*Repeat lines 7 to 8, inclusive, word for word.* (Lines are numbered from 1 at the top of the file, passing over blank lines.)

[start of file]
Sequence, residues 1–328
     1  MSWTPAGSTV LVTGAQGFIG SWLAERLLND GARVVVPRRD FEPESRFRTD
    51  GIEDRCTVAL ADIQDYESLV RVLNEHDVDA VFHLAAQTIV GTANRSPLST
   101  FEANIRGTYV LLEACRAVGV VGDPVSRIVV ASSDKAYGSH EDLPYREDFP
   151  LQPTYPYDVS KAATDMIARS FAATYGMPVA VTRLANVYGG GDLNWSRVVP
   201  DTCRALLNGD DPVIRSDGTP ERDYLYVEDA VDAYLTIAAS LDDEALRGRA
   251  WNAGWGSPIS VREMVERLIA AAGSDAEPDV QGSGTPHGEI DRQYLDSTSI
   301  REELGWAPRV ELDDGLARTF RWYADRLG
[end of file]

   251  WNAGWGSPIS VREMVERLIA AAGSDAEPDV QGSGTPHGEI DRQYLDSTSI
   301  REELGWAPRV ELDDGLARTF RWYADRLG